If you want to be reasonably certain that something works with a recent version of Windows, look for the "Logo Certified" designation on the product/box and see if the product is listed in the Hardware
Compatibility List (HCL) on the Microsoft web sites. The HCL has some fancy new name...Windows Catalog or something like that for the newer OSes.
In order for a product to be listed, it has to pass extensive real-world tests, so you can be reasonably certain it works. No listing doesn't mean it won't work--it just means either someone couldn't afford the testing, or
couldn't pass it, or didn't care about it.
On the serial DB9 ports you are concerned usually with pins 2 and 3, which are the TX and RX pins, and pin 5 is usually a data ground line. A lot of documentation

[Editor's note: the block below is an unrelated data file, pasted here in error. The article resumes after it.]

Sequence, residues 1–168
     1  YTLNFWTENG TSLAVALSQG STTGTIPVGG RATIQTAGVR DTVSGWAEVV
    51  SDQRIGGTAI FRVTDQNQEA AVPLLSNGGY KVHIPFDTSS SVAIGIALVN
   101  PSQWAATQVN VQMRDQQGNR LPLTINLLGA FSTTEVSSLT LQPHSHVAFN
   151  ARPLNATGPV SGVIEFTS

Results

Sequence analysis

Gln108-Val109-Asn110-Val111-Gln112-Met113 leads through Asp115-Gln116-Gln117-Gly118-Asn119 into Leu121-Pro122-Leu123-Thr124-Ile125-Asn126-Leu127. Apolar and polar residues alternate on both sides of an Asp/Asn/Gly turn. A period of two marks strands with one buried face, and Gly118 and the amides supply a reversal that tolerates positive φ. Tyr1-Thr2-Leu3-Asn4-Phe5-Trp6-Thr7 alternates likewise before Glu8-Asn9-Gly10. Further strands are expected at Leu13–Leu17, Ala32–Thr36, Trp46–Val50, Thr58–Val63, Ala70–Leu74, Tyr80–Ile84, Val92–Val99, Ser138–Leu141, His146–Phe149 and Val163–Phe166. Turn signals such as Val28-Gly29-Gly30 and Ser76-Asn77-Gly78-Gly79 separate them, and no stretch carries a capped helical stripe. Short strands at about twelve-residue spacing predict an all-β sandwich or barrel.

can be confusing because the "TX" from one device connects to the "RX" on another, and vice versa. So as you look at a connection...if one pin is TX on your GPS, the corresponding wire on a cable is the "RX" connection on whatever it goes to. Bottom line is that if something doesn't work, 2/3 are usually reversed, or the data rate and parity aren't set right. The devices are robust enough that reversing 2/3 won't hurt anything, it just won't work till you swap 'em back again.
differences often reflect what the market can bear, or the release of new chipsets, or something going from "made by hand in Switzerland" to "banged out in China".